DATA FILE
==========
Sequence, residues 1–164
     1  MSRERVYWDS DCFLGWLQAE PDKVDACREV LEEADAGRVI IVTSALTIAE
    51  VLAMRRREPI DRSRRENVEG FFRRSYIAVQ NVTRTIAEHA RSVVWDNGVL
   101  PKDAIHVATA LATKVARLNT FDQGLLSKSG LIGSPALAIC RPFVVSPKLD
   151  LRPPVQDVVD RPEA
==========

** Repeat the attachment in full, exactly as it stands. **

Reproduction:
Sequence, residues 1–164
     1  MSRERVYWDS DCFLGWLQAE PDKVDACREV LEEADAGRVI IVTSALTIAE
    51  VLAMRRREPI DRSRRENVEG FFRRSYIAVQ NVTRTIAEHA RSVVWDNGVL
   101  PKDAIHVATA LATKVARLNT FDQGLLSKSG LIGSPALAIC RPFVVSPKLD
   151  LRPPVQDVVD RPEA